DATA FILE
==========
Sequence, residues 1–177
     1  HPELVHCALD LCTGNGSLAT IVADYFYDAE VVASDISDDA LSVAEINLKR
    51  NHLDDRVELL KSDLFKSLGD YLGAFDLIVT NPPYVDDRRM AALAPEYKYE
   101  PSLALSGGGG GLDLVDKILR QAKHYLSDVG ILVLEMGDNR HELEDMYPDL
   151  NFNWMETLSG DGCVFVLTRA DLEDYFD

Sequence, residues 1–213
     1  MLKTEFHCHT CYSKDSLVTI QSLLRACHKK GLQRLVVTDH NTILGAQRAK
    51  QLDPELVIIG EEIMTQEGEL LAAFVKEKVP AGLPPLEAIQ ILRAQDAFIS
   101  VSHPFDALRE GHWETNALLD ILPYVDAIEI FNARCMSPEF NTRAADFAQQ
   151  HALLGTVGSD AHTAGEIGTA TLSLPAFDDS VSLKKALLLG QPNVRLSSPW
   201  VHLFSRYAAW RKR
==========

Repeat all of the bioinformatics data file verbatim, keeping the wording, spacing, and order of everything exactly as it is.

Sequence, residues 1–177
     1  HPELVHCALD LCTGNGSLAT IVADYFYDAE VVASDISDDA LSVAEINLKR
    51  NHLDDRVELL KSDLFKSLGD YLGAFDLIVT NPPYVDDRRM AALAPEYKYE
   101  PSLALSGGGG GLDLVDKILR QAKHYLSDVG ILVLEMGDNR HELEDMYPDL
   151  NFNWMETLSG DGCVFVLTRA DLEDYFD

Sequence, residues 1–213
     1  MLKTEFHCHT CYSKDSLVTI QSLLRACHKK GLQRLVVTDH NTILGAQRAK
    51  QLDPELVIIG EEIMTQEGEL LAAFVKEKVP AGLPPLEAIQ ILRAQDAFIS
   101  VSHPFDALRE GHWETNALLD ILPYVDAIEI FNARCMSPEF NTRAADFAQQ
   151  HALLGTVGSD AHTAGEIGTA TLSLPAFDDS VSLKKALLLG QPNVRLSSPW
   201  VHLFSRYAAW RKR